Hopkins had a similar history to Avoca except that it was not airconditioned, up to February 1950. It was then sold to the Commonwealth railways, reclassed as DB75, fitted with airconditioning and converted to standard gauge, entering service in November of that year. On 19 February 1952 it had been repainted into the Commonwealth Railways colour scheme and by December 1954 new bogies of the BK type were fitted. It was used mainly on the Trans-Australian Express, and later on the Ghan. It was written off on 29 March 1968, possibly as surplus to requirements.



S type carriages[edit]

Restaurant car - Murray[edit]


Long Buffet cars - Wimmera and Mitta Mitta[edit]


Short Buffet cars - Tanjil and Moorabool[edit]


Wimmera, Mitta Mitta and Tanjil were renumbered to VRS 1, 2 and 3 and converted to standard gauge when the Spirit of Progress service was transferred in 1962; around this time Tanjil's buffet section was extended to match the full-length accommodation of the other two. Moorabool was kept in its short-buffet form, and used on services to Gippsland.

With the 1981 New Deal recoding, VRS 1, 2 and 3 became 231, 232 and 233 respectively. Moorabool became RS 234, and was joined by Avoca and Murray taking positions RS 235 and RS 236.


RBJ x3

Southern Aurora[edit]

RMS x3

MBS, MRS and VFR cars[edit]

In 1962, S-type carriages 10, 11, 14 and 9BS were converted to VFS internal configuration for standard gauge service. Two years later, VFS cars 3 and 4 were altered further with two compartments removed and replaced with a short buffet section; these cars were recoded VFR.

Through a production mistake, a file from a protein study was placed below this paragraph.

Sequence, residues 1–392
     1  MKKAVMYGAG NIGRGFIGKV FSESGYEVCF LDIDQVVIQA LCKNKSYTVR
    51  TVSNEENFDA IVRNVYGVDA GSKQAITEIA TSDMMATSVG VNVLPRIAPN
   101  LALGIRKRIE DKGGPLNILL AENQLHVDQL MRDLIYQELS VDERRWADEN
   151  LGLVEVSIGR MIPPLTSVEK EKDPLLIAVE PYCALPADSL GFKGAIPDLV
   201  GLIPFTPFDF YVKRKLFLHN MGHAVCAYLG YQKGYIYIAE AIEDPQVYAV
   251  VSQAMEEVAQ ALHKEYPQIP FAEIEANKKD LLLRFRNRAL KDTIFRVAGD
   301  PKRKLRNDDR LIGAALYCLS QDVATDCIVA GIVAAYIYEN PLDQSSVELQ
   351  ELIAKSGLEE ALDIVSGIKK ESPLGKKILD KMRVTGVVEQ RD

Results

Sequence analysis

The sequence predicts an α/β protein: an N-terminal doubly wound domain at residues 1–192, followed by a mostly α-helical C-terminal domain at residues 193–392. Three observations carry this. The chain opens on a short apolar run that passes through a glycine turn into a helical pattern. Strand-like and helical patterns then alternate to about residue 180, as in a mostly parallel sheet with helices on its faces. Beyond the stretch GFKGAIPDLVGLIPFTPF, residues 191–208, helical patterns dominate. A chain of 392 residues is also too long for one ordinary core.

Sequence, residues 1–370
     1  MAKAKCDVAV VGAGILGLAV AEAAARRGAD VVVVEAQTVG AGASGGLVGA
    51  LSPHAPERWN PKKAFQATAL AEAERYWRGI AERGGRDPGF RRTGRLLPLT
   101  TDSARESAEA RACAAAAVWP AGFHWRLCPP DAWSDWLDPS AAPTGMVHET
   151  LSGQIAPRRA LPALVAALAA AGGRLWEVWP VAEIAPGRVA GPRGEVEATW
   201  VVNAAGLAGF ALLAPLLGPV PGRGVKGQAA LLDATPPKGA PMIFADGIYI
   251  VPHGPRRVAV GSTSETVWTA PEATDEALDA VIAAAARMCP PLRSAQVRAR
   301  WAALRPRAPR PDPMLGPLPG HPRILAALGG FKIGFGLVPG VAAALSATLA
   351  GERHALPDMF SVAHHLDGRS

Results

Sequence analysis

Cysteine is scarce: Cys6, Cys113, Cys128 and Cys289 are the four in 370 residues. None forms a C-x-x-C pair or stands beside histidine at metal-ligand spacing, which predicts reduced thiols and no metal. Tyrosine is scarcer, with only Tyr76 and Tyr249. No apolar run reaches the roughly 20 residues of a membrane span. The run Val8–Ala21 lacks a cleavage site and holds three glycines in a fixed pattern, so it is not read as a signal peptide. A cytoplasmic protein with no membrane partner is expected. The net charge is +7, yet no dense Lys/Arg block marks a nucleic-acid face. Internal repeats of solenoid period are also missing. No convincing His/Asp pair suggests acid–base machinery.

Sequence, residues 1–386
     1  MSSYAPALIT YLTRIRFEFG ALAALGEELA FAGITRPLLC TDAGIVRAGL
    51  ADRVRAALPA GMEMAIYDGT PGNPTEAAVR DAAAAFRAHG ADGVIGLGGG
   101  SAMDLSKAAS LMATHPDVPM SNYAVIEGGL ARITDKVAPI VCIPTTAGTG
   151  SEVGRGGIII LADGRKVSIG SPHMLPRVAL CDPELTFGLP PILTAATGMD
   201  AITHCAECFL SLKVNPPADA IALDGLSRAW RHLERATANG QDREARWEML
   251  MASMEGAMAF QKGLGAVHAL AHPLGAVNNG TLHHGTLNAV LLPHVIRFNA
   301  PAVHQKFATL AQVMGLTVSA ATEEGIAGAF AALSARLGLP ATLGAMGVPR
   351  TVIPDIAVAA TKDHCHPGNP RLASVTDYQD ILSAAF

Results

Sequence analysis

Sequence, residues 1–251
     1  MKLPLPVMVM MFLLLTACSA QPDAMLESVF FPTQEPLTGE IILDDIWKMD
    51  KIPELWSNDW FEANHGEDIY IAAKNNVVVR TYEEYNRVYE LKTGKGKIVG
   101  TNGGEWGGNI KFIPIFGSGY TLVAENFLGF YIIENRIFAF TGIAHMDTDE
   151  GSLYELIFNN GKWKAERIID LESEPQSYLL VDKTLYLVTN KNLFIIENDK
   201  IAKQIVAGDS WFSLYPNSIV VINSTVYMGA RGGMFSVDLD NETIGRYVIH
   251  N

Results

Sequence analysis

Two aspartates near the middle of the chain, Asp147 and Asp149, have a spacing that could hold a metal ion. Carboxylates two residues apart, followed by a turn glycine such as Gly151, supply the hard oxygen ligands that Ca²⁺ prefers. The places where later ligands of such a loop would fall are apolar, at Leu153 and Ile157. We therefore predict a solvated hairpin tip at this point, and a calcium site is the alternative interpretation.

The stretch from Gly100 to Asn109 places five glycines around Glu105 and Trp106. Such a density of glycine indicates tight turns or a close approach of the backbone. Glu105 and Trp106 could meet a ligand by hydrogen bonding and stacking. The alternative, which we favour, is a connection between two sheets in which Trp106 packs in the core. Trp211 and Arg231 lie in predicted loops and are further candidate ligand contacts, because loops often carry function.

To further supplement the standard gauge services, cars 2 and 3BS were converted to MBS configuration in 1966, with AS 9 (recently restored from a temporary stint as ABS 3) following in 1968. Respectively, the cars became MBS 1, 2 and 3, and they each had lettering onm the sides for "Mini Buffet". Each car retained five eight-person compartments, while a further two compartments had their walls removed and seating altered to a saloon arrangement with tables between the seats, in a 2+1 fashion. The eighth compartment and the toilet at that end of the carriage was replaced with a small kitchen and cash register area.

From 1977 even this was found to be insufficient, so a further two cars, 4BS and 1BS, were converted to MRS internals. These were similar to the MBS design, but with a further two compartments converted to the lounge-style. The cars were used exclusively on the Vinelander service to Mildura.

In 1983 MBS 1 was converted back to BS configuration, firstly to BS 13 as its original number had since been taken, then as BS 213 when the New Deal struck. MBS 2 and 3 retained their modifications, with MBS 2 becoming BRS 227, and MBS 3 becoming BRS 229 after spending a few months as BRS 9.

New Deal[edit]

BRS x10 VRS x3 RS x3 Each 3-carriage N set includes in its consist one BRN carriage. These have saloon seating for much of their length, with a few metres at one end of the car holding a short buffet section.